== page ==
What Do We Know About Eating Disorders?
There are four main eating disorder diagnoses. There are significant differences between each, but common features across all.
Every person suffering with an eating disorder will be preoccupied with food, weight and diet and have a distorted body image where their body perception is much bigger than the truth. Negative thoughts such as “I’m fat” will mirror the unhappiness they feel inside.
- Anorexia nervosa is related to severe weight loss, which can result in osteoporosis, infertility and starvation affecting every system in the body. Unfortunately this can cause death as in the case of Karen Carpenter who was on a water only diet.
- Bulimia involves binging on large amounts of food and purging by vomiting or using diet pills and laxatives, often disappearing to the toilet soon after meals. This results in bloating, stomach pain, mood swings and weight change.
- Binge eating disorder is on the increase and involves eating large amounts of food in a short of space of time but this does not mean eating big portions, binge foods are often ‘planned rituals’ and usually bought in secret with no purging. This can result in obesity, high blood pressure, high cholesterol and heart disease.
- Over 50% of those with eating disorders are diagnosed have an eating disorder not otherwise specified (EDNOS). This is classified when the criteria doesn’t meet anorexia or bulimia but is just as severe.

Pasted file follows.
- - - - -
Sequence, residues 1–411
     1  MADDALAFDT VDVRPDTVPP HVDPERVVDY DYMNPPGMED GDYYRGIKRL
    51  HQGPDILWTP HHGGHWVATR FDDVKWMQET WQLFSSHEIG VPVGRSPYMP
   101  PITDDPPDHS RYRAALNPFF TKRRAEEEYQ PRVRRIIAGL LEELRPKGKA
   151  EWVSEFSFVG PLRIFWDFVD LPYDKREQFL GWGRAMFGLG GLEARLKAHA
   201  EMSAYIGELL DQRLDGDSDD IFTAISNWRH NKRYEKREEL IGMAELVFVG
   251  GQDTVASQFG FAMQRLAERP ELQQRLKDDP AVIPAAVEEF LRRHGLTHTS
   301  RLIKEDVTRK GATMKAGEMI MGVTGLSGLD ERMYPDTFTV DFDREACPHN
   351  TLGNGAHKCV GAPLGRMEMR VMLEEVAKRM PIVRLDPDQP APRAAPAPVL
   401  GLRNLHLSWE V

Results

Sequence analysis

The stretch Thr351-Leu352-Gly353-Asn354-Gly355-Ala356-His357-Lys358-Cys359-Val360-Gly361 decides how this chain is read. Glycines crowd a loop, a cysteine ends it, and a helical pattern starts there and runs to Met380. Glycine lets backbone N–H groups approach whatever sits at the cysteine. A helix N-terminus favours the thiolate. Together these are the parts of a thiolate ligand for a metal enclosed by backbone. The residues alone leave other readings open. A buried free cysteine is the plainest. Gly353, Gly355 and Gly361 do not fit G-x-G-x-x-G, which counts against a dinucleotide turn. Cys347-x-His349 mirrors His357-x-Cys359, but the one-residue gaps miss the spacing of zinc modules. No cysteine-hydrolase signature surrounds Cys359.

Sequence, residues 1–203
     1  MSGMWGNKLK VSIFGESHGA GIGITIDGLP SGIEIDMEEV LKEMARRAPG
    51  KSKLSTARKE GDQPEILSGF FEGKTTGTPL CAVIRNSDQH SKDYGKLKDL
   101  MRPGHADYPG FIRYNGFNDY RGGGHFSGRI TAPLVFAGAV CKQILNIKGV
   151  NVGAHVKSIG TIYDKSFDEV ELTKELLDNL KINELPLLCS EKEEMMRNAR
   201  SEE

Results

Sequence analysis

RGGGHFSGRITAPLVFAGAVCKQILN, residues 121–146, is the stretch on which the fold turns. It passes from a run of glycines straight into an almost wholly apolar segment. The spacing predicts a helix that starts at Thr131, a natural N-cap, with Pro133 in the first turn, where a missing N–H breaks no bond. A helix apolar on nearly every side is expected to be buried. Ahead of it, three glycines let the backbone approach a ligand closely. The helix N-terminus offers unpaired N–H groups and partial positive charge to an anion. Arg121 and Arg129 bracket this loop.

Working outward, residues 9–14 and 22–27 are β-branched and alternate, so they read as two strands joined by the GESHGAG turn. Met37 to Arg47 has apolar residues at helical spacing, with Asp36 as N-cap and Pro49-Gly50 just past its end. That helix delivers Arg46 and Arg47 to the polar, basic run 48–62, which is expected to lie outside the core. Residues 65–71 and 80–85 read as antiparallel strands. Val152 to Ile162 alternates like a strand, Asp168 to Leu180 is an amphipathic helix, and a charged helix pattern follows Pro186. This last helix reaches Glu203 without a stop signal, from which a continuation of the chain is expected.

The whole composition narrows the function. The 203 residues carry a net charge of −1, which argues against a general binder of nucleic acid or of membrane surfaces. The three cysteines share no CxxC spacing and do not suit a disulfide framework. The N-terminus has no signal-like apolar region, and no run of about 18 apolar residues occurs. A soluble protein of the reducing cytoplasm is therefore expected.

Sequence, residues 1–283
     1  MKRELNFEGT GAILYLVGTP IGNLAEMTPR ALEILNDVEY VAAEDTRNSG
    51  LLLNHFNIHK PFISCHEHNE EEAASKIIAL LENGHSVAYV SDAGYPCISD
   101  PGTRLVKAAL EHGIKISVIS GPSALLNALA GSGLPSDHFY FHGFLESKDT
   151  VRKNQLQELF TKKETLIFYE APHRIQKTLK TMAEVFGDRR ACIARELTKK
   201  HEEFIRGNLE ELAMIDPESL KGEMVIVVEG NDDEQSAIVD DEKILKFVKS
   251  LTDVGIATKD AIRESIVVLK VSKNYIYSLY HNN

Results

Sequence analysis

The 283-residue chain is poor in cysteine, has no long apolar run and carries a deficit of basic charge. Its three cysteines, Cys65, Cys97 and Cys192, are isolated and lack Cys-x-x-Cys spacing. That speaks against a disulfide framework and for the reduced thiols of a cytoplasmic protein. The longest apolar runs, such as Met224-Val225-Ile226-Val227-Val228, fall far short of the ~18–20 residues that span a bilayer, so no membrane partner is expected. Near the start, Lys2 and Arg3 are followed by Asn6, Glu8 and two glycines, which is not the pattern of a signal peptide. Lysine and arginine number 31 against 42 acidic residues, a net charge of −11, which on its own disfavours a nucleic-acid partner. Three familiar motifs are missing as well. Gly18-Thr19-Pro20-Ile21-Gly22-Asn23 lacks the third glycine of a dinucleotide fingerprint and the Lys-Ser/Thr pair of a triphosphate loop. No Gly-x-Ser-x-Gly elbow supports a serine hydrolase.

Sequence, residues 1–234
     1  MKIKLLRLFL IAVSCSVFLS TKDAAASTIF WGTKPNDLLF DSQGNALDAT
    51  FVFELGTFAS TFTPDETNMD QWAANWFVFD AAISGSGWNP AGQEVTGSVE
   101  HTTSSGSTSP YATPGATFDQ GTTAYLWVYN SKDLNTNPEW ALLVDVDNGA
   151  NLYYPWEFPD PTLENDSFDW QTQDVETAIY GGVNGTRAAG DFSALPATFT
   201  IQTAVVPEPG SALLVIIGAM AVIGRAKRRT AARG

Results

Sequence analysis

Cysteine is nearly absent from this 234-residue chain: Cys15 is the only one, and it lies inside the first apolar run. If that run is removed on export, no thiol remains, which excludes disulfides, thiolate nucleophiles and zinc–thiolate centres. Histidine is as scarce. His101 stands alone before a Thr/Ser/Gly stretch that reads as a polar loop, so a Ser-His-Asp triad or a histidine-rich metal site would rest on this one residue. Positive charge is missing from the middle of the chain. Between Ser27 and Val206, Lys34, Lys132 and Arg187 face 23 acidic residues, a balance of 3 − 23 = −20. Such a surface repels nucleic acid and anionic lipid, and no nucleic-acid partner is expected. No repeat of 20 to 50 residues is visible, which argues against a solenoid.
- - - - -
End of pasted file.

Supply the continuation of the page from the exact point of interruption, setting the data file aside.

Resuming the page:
I think hard when writing about my story. So many people choose the route to shock by mentioning weight, showing photos and sharing tips which assisted their drastic loss.
I’m not comfortable with this. In truth, this style of writing could trigger someone with an eating disorder who is keen to learn how to perfect their weight loss objective. I am therefore mindful when telling my story.
I was a very sensitive child. I grew up with wonderful parents but they wanted the best for me, so at times could be highly critical. If I showed my dad my homework he drew red lines through it. Instead of appreciating my young, conversational tone of writing, he wrote it ‘his way’.
My mum was a dancer and her family were always focused on food and weight and I remember one family member jovially naming me the ‘buffet diver’. I also remember being in the throes of my eating disorder and receiving a comment saying “You’re back to how you used to look now.” I was a 24-year-old woman with curves being compared to a photo of me as an 18 year old. These comments carved onto my brain.
Years on, the relationship with my father and his alcohol misuse broke down and it made it difficult to see my family as much. The man I loved didn’t love me back. This affected me terribly.
I was highly productive at work and over achieving, but escaping through drink and drug fuelled binges at the weekends. In order to ‘feel good’ I fell into the trap of, ‘If I just lose a few pounds…’ I was thrown into the safety and comfort of striving for perfection.
Exercise escalated from three times a week to twice a day. I got a personal trainer who started me on food diaries, which led me to my dangerous obsession with food, counting calories and replacing wholesome nutrition with small portions of nothingness.